# Linear Independence

Suppose we’re talking about $\mathbb R^3$ as a vector space over the field $\mathbb R$. If I told you that some vector $u=(a,b,c)$ was in the a subspace $S$, you would know immediately that $v=(2a,2b,2c)$ was too. This is precisely the rule about scalar multiples of vectors being in a vector space. That is, $v=2u$. What’s so awesome about vector spaces is that this works both ways. Since $u=\frac12v$, if I told you $u\in S$, you would immediately know that $v\in S$ as well. This is some sort of “dependence” relationship I want to make more precise.

But as with spans, it gets more complicated when we let more more vectors into the mix. Suppose I have a subspace $W$ but I’m not telling you what it is. Now consider the three vectors $(1,0,0)$, $(0,1,0)$, and $(1,1,0)$. Certainly if I tell you any two of these are in $W$, you would know that the third one was. But if I told you any one was in $W$, you couldn’t be sure about the other two. We would say that these three vectors are linearly dependent, but that any two of them are linearly independent.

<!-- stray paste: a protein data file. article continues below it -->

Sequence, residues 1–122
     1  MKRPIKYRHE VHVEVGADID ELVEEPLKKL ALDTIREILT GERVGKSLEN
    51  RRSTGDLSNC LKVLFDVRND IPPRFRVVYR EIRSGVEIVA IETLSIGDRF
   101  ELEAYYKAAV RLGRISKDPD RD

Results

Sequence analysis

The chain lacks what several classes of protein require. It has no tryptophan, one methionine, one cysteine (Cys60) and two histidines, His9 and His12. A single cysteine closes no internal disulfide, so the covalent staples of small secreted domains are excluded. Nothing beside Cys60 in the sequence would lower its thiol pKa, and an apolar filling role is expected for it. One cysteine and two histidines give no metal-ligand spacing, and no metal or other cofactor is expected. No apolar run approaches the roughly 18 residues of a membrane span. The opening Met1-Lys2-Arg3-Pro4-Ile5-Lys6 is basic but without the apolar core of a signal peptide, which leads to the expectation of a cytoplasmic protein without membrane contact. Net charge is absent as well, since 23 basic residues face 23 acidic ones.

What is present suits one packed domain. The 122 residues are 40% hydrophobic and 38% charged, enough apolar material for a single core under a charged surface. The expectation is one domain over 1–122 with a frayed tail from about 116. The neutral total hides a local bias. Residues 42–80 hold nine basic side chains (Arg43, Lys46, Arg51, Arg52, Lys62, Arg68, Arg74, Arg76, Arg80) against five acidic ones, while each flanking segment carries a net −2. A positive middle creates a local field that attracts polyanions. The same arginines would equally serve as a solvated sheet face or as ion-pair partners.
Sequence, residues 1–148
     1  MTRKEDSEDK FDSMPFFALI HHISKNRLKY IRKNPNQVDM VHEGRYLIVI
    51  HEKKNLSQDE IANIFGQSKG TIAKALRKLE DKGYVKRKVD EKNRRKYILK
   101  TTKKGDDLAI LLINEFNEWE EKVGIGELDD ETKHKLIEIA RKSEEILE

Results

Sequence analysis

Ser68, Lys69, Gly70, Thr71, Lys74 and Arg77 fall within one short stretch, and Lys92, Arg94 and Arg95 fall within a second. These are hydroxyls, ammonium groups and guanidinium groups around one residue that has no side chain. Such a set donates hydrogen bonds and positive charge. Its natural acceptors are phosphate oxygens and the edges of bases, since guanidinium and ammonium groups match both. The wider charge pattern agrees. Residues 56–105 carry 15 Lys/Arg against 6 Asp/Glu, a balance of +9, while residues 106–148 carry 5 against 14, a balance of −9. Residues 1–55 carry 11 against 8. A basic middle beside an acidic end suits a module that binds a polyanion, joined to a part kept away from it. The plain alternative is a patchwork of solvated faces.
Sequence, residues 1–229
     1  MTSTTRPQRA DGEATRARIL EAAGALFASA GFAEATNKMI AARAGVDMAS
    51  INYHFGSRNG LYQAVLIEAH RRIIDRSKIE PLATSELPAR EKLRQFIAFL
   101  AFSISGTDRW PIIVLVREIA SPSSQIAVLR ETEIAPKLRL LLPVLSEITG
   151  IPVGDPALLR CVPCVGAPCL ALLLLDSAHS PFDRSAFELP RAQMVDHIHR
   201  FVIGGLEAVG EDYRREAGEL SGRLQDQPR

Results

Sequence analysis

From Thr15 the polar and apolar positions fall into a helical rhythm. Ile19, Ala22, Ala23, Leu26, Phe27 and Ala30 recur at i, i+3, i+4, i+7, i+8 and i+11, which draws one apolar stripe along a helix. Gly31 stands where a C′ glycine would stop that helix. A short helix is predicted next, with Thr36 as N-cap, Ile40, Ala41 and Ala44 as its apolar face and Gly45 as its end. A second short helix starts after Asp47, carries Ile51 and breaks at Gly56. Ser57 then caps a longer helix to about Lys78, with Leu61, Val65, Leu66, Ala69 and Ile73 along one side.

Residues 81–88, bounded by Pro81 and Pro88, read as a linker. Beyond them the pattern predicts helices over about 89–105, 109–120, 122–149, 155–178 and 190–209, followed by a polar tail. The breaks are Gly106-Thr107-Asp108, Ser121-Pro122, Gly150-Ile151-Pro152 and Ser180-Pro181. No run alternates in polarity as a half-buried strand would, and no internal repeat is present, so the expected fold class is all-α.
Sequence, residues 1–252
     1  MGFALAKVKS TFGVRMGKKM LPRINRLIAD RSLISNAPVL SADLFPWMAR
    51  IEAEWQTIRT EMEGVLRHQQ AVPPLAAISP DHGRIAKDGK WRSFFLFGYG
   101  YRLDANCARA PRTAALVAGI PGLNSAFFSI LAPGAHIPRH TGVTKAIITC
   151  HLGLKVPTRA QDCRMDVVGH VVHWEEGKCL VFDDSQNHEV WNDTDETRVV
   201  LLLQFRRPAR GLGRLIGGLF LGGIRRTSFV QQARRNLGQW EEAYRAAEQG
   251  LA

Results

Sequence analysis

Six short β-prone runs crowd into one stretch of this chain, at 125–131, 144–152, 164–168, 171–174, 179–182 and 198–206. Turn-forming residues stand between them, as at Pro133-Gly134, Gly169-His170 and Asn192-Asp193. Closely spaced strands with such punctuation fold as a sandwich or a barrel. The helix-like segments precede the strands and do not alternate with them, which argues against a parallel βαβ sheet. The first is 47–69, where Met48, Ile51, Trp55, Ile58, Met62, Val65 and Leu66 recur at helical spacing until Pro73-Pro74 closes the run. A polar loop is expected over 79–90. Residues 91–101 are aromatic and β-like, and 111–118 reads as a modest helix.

So what property do these vectors have that makes them depend on each other? It’s that linear combinations of some of them sum up to the last one. When we say it that way, it’s clear that it doesn’t matter what the last one is. So, if we move “the last one” to the other side of the equation, we get a linear combination of the vectors that sums to zero. This is the property we’re after.

##### Definition:

Let’s be more precise, and more general about this. Let $V$ be a vector space over a field $k$. For $v_1,v_2,\dots,v_n\in V$, we say that they are linearly independent if whenever we can find scalars $\lambda_1,\lambda_2,\dots,\lambda_n\in k$ such that

$\lambda_1\cdot v_1+\lambda_2\cdot v_2+\cdots+\lambda_n\cdot v_n=0$,

then $\lambda_i=0$, for each $i\in\{1,2,\dots,n\}$. Otherwise, we call them linearly dependent.

We wanted to be lazy about writing down vector spaces. Well, if we have a linearly dependent set, we weren’t lazy enough, because we could have dropped one vector, that was dependent on the rest.

All of this is leading up to an answer to the question “how should the lazy mathematician write down a vector space?” Spans were nice, but how do we know if we’ve included too much? Linearly independent sets are nice, but how do we know if we’ve got everything? See where I’m going with this? Stay tuned for the stunning conclusion next post on vector spaces.